Google Maps Is Suggesting A Route That Makes People Walk Off A Cliff

Recently Google has been heavily criticized for directing relatively treacherous routes to people navigating. A Scottish mountaineering group panned Google after discovering that it had been offering “potentially fatal” routes up mountains — and even directly over cliffs.

According to a Scottish mountain conservation charity, John Muir Trust, Google had proposed somewhat hazardous routes to Ben Nevis (Scotland’s highest mountain). The group also says that it suggested a distinct route for the An Teallach mountain, which directs you to go over a cliff, reported by The Press Association.

“The problem is that Google Maps directs some visitors to the Upper Falls car park, presumably because it is the closest car park to the summit,” said Nathan Berrie, a conservation officer at John Muir Trust, to the Press Association. “But this is not the correct route, and we often come across groups of inexperienced walkers heading towards Steam Falls or up the south slopes of Ben Nevis believing it is the route to the summit.”

According to the specialists, even the most ambitious and skilled hikers would hesitate to go in the directions suggested by Google Maps.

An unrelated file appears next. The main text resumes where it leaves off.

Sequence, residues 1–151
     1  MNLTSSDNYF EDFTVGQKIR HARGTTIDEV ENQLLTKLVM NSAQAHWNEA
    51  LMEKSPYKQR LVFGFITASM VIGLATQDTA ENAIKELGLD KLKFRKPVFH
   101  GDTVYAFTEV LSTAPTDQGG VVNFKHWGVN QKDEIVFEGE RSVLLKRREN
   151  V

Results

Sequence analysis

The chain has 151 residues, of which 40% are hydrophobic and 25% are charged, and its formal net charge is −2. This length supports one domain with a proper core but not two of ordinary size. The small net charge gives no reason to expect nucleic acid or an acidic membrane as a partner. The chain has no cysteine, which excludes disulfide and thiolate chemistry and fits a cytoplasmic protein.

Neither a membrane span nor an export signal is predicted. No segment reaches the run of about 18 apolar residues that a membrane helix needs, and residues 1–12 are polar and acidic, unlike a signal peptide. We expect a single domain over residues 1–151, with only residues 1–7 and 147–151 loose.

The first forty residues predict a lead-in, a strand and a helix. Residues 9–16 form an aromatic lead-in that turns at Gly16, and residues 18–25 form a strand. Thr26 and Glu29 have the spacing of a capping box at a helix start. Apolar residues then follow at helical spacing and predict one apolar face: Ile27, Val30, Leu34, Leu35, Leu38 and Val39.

“[When] you input Ben Nevis and click on the ‘car’ icon, up pops a map of your route, taking you to the car park at the head of Glen Nevis, followed by a dotted line appearing to show a route to the summit,” said Heather Morning, a mountain safety adviser for Mountaineering Scotland, to the Press Association.

She continued, “Even the most experienced mountaineer would have difficulty following this route. The line goes through very steep, rocky, and pathless terrain where even in good visibility, it would be challenging to find a safe line. Add in low cloud and rain, and the suggested Google line is potentially fatal.”

The John Muir Trust apparently tried contacting Google regarding the matter but did not hear from the company for many days.

At last, a Google spokesperson recently released a statement saying, “We built Google Maps with safety and reliability in mind, and we are working quickly to investigate the routing issue on Ben Nevis.”

There might be a chance that Google fixed the issue as it cannot afford to slander itself in the industry.

Undoubtedly technology has made our lives simpler and better; however, there is still a chance of blunder. Therefore, you must check twice when relying on such apps, especially when you’re on precarious mountain adventures.

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